NEW DELHI: Archaeologists said yesterday they have found artefacts in the ruins of a centuries-old fort where a Hindu holy man has said he dreamt that a hoard of gold was buried.
Archaeologists began digging at the fort in the northern state of Uttar Pradesh on Friday, three months after the seer told a junior government minister about his dream of a 1,000-tonne gold treasure.
The dig in the impoverished village of Daudiakala created a media storm and drew large numbers of local residents, prompting barricades to be thrown up around the site.
The fort belonged to Raja Rao Ram Bux Singh, a Hindu king who was executed after taking part in a 1857 revolution against British colonial rulers.
The Archaeological Survey of India (ASI) has said it began excavating on the basis of findings from the Geological Survey of India (GSI) that suggested gold or silver could be buried there.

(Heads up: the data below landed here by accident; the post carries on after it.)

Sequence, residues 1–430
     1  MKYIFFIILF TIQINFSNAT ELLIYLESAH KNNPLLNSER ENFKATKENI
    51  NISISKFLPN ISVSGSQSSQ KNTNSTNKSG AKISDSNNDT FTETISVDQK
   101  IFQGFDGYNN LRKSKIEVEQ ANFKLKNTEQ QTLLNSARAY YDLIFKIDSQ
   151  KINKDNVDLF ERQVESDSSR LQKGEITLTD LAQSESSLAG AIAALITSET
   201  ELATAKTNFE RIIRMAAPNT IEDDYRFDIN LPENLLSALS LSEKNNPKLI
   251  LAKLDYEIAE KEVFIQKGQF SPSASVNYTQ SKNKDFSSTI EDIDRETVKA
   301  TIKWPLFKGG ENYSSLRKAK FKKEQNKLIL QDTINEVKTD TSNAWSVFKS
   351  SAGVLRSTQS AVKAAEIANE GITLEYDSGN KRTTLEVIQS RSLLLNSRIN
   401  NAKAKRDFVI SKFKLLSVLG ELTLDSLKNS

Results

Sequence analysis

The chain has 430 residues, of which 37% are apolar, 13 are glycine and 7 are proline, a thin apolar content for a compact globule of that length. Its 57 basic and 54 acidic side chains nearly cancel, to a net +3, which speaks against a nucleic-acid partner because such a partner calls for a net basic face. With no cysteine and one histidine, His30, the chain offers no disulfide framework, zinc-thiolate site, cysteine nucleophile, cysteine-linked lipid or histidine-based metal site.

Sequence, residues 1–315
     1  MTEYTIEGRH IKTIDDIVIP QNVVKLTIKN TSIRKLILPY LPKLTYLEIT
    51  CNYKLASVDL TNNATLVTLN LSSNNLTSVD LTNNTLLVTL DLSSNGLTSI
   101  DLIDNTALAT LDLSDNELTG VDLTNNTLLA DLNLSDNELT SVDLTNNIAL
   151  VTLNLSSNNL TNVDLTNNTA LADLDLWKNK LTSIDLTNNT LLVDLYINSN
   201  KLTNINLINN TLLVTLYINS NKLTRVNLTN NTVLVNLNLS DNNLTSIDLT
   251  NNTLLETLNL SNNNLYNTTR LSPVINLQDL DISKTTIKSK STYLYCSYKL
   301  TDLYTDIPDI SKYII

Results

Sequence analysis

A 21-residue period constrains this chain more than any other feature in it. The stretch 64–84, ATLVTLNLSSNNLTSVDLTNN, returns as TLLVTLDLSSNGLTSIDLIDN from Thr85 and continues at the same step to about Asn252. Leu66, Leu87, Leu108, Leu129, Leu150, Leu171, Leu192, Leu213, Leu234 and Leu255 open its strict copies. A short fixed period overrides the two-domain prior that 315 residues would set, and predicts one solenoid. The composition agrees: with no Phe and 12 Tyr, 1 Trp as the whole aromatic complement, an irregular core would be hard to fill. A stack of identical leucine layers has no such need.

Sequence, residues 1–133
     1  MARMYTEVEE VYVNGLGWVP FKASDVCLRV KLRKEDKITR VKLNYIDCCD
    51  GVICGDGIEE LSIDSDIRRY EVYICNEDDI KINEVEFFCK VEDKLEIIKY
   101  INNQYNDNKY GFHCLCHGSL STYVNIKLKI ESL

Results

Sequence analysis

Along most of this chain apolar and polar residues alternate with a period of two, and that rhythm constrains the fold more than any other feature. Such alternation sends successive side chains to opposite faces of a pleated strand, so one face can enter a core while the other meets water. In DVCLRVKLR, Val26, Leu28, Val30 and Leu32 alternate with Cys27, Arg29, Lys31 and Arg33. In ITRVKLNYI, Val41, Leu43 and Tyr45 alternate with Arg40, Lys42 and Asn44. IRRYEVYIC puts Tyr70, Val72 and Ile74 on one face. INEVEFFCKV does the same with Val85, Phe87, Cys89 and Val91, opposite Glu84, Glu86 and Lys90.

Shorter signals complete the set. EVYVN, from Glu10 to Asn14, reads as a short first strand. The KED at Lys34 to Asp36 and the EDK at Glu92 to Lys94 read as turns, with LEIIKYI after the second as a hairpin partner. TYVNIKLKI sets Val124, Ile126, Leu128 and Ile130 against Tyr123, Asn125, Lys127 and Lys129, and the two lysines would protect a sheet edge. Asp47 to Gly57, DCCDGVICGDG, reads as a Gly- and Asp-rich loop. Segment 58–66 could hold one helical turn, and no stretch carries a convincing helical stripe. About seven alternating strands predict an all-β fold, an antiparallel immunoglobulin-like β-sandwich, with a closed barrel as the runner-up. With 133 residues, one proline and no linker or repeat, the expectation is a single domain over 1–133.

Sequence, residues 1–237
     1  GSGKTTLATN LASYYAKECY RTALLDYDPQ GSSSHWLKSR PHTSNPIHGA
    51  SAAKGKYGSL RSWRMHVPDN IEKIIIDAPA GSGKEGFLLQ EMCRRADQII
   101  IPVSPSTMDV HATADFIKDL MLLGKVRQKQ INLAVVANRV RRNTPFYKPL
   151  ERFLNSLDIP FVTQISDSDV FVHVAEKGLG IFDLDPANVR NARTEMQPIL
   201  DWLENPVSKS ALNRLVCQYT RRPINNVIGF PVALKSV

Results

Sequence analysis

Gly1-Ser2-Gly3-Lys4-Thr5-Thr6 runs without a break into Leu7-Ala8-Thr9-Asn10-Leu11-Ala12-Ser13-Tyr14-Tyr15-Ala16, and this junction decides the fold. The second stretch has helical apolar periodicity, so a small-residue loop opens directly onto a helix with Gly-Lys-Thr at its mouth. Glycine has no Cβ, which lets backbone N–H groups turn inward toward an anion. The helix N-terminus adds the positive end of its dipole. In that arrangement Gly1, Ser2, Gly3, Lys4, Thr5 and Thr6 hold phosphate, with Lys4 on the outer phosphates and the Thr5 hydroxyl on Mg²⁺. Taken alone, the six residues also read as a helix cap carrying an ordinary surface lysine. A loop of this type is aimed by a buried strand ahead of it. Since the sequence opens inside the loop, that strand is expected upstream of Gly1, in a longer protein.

The junior minister told an Indian newspaper that he had earlier alerted the GSI and fellow ministers about the gold, after swamy Shobhan Sarkar said that the dead king had appeared in his dream and asked him to recover the stash.
However, the ASI insisted yesterday that its excavation was aimed at discovering and recording the fort’s “cultural heritage” and was not a gold hunt.
“It is a trial excavation and so far we have cleared soil up to a depth of 1.5 metres (five feet) and yesterday we found a medieval wall, earthen jars and pots, a hearth and a floor,” ASI’s excavation chief Syed Jamal Hasan told AFP.
“Archeologists anywhere in the world do not dig for gold and treasures and here we are interested only in discovering the site’s cultural heritage,” Hasan said.
He said a 12-member team would keep digging as long as there were signs of human